Resolution Foundation – “labour market violations remain far too common”
The think-tank, the Resolution Foundation, has reported that workers across the labour market are not getting their legal entitlements. As employment lawyers, we read on in disbelief. Why is it that businesses still aren’t getting it right? Is it really true that these employers are all deliberately and unscrupulously seeking to exploit their workers?
Another interpretation is that a number of business are simply struggling to keep up with the ever-changing world of employment law. At a time when the government is investing millions on an information campaign for Brexit (which may or may not happen with or without a deal on 31st October 2019) there is a paucity of information on recent developments in employment law which are applicable to all business. Where were the posters and advertising campaigns (like the ones you might remember when the new pension auto-enrolment rules came into force) about the new right for workers to receive itemised payslips? What about the fact that it is now settled case-law that overtime which is regularly worked, and commission which is regularly earned, needs to be taken into account for the purposes of holiday pay?
If you read the reports in the media covering the Resolution Foundation’s findings, they are full of phrases like “tackling firms that break the rules”, “abuse”, “violations”. Shadow business minister Laura Pidcock said, “behind these statistics are… an unchecked class of bad bosses and legions of workers who feel like they have no choice but to accept illegal poor conditions”.
It is certainly true that there are “bad bosses” out there and that there should be sanctions for serious abuse of the law. However, one of the biggest criticisms of the report is that workers in small firms (those employing less than 25 people) are most likely to not get payslips and paid leave. This could be because some small business owners are deliberately exploiting their workers. In our view a more likely explanation in most cases is that they lack the information and resources to keep up with what is a complex and fast-changing area of law.
The Department for Business, Energy and Industrial Strategy has said that it is committed to enforcing workplace regulations and want to create a Single Enforcement Body for this purpose. This approach emphasises penalties and sanctions for those who break the law, such as the “name and shame” list of employers who fail to pay the minimum wage. However there is little evidence that heavy and inflexible enforcement mechanisms such as this are an effective means of tackling the problem, particularly at small business level. They don’t help the workers who have been affected by the employer’s failings and can have serious consequences on small businesses who may suffer fatal reputational damage for what may be inadvertent failings.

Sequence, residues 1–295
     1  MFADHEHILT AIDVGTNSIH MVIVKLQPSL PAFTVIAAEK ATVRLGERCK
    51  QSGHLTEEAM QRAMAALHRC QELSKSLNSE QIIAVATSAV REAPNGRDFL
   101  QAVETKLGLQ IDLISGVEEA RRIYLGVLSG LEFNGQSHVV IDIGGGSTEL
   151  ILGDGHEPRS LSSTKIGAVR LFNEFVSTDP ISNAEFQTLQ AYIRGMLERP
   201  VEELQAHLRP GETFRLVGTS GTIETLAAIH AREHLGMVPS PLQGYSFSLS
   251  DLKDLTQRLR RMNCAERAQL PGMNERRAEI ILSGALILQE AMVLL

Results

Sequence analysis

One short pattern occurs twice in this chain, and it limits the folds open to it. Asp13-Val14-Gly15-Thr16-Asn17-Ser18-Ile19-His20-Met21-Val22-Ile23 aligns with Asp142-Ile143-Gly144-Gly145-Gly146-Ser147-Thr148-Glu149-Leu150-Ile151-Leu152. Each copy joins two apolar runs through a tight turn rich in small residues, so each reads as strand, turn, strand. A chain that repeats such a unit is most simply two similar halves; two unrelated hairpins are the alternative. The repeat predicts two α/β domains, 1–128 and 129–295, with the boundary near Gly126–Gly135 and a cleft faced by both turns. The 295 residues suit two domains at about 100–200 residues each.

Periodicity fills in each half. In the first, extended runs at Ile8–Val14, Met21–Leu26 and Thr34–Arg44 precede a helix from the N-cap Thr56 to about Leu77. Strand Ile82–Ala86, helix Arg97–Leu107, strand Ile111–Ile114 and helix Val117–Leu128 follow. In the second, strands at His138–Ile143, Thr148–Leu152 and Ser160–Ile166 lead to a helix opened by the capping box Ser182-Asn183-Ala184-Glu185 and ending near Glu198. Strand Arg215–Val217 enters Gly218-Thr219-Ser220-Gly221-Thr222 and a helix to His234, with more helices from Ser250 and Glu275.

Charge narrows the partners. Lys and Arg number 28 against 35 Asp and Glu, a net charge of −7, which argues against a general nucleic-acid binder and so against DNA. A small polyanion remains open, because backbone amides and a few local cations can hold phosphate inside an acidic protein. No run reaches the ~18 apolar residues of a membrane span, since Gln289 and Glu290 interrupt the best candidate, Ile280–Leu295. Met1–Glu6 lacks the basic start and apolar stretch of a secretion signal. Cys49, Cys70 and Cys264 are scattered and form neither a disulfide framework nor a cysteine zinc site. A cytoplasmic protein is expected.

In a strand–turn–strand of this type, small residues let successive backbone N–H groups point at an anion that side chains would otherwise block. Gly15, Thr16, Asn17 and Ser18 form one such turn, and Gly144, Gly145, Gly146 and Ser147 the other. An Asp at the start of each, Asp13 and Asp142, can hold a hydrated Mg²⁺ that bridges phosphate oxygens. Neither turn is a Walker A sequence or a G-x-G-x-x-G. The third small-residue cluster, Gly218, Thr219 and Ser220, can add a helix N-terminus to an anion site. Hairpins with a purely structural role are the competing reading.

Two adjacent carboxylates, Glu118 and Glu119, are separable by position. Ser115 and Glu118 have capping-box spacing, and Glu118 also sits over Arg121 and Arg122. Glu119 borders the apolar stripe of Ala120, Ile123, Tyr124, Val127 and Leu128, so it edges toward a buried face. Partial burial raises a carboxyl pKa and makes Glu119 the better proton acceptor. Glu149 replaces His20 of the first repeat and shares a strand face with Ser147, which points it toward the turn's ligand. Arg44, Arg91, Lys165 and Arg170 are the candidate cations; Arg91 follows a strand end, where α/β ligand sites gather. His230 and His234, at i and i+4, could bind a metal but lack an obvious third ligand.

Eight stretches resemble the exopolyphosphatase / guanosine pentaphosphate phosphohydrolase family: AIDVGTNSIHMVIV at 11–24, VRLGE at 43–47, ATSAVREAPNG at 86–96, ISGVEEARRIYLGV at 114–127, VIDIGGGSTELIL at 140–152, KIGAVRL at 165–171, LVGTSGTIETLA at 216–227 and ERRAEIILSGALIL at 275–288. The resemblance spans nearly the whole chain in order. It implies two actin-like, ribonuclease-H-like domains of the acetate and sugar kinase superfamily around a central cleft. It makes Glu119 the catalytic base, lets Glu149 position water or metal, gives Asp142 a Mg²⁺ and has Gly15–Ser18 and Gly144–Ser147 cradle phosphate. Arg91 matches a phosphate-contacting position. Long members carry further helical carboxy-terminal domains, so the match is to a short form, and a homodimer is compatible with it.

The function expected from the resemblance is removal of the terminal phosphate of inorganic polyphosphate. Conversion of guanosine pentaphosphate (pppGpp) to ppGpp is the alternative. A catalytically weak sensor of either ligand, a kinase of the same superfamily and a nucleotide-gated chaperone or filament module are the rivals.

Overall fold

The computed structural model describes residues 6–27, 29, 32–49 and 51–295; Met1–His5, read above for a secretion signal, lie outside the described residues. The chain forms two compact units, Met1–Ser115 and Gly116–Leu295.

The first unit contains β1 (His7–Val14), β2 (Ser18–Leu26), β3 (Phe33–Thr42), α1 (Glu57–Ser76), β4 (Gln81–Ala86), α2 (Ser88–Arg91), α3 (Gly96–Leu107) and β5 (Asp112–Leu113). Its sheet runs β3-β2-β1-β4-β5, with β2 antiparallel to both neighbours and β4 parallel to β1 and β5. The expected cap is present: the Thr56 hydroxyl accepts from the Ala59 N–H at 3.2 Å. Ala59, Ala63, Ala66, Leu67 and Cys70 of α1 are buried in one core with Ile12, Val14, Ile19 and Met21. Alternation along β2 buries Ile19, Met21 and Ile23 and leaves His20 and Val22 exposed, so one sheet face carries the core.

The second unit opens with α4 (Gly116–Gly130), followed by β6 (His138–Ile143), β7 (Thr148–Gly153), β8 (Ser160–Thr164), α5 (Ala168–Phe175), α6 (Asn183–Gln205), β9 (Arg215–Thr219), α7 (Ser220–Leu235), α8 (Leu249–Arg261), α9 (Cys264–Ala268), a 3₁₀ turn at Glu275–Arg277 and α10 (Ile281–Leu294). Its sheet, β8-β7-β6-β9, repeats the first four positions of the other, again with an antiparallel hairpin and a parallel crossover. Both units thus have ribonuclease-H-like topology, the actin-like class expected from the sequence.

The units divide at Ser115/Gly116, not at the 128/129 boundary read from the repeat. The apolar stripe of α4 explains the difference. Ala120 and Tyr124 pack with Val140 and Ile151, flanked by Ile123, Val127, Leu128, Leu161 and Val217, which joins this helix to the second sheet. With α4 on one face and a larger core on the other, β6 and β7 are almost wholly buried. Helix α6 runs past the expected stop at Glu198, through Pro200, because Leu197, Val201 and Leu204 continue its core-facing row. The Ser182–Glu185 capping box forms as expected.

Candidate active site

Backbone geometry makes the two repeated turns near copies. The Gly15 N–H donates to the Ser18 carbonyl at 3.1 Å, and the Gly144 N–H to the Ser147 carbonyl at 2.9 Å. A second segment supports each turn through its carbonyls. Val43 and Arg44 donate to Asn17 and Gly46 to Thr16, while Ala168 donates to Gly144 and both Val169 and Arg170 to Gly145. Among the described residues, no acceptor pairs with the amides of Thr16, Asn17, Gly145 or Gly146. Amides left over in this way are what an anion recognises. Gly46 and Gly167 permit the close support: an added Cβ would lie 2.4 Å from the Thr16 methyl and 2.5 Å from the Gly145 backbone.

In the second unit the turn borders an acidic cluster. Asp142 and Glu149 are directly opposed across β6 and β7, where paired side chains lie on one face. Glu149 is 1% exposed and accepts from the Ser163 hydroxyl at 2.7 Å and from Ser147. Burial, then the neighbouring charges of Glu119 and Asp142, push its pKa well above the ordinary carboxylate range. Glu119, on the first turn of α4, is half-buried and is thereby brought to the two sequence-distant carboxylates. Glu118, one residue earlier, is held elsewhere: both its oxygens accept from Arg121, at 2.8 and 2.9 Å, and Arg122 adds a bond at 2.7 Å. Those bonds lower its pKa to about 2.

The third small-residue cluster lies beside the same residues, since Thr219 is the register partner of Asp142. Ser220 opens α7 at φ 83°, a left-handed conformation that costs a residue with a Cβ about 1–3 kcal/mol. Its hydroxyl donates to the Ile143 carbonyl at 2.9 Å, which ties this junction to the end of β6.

Plenty of people will take the view in relation to employers who fail to provide workers with the correct entitlements: “tough, that’s the law”. Ultimately, it is the employer’s responsibility to ensure that they keep themselves up to date and we try to assist our clients with that as much as we can. However, it is our experience, that the majority of our clients do want to treat their workers fairly and in accordance with the law and would be mortified to know that they had failed to provide their workers with their correct entitlements. We would suggest that it is harsh to label employers as “bad bosses” in such circumstances and that the focus of government policy should move away from 'naming and shaming' to promoting greater information and resources and legal clarity so that both employers and employees know exactly where they stand.
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